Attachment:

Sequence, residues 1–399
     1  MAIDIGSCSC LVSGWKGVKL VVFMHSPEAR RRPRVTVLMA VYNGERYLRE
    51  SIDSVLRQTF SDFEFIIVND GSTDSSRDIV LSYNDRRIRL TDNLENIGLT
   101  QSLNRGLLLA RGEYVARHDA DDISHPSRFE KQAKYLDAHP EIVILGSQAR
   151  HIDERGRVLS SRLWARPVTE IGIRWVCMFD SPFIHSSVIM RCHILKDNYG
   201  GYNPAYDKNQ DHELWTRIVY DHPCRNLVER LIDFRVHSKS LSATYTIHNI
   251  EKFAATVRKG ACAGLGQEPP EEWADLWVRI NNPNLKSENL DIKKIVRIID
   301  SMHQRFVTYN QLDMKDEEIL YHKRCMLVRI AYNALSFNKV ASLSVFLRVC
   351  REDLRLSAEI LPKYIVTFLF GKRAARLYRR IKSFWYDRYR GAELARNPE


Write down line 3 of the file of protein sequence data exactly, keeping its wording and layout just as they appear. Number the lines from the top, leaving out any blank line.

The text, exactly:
    51  SIDSVLRQTF SDFEFIIVND GSTDSSRDIV LSYNDRRIRL TDNLENIGLT